Gono, banks: crisis of confidence

The banking system in Zimbabwe has a lot to do in order to revive people’s confidence in it. As the situation stands, many people view banks as inconvenient facilities that they would rather avoid - given half a chance.

Paul Bogaert
Paul Bogaert

As a result, anyone with a bit of cash prefers to stash it away under a pillow or in a drawer at home, rather than deposit it with a bank.

It is safe to say that millions of dollars in cash are circulating outside the formal banking system. This is the main reason Zimbabwean banks have been failing to pay depositors on demand.

A number of historical and current factors have combined to undermine the vibrant banking culture that we used to know before 2000. The economic meltdown this country has suffered for more than a decade has significantly driven people to pessimism regarding the effectiveness of our banks.

Who has forgotten the crisis of 2003, when people would spend several nights in the queues in order to withdraw a limited amount of cash? This scenario became more pronounced in subsequent years, particularly in 2007 and 2008. Due to runaway inflation, a depositor’s money would lose all its value while he or she waited to withdraw it.

Gideon Gono, the Reserve Bank of Zimbabwe Governor, did not make things any better through his unorthodox measures to deal with hyperinflation. He swooped on individuals’ and institutions’ accounts without their consent. Some have still not got their money back. Many believe Gono stole depositors’ money – and in the absence of repayments it is difficult to dispute this.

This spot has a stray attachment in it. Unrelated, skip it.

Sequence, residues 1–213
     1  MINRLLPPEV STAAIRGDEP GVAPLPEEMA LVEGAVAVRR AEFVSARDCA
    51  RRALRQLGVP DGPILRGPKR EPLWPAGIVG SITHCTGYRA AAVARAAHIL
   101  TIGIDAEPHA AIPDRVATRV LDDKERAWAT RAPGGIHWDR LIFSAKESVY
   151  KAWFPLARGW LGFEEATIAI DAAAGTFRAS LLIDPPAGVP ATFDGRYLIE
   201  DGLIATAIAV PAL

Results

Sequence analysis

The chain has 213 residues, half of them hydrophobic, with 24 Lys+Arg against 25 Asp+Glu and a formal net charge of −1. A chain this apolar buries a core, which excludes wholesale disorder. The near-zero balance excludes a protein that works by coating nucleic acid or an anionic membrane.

With the transition to a multi-currency system in 2009, thousands of people had their money trapped in the banks. There are no indications that they will get back it back. A persistent worry at the moment is that whenever a person deposits money, he or she loses a significant portion of it because of the weird charges our banks have imposed.

Now, who would want to spend an hour in a queue to deposit money when he or she is going to lose much of it to exorbitant charges? Who would want to deposit money when there is no guarantee that the RBZ is going to order the bank to hand it over? Who would want to surrender his or her money to a bank knowing fully well that it might be the last time he or she sees it?

Of course, keeping large amounts of money at home or in the car is not ideal – because it might get stolen or destroyed in an accident.

The RBZ and the banks it superintends have a mammoth task to ensure that the banking system returns to normality. They should come up with sustainable strategies that promote a positive banking culture among Zimbabweans.

Post published in: Editor: Wilf Mbanga
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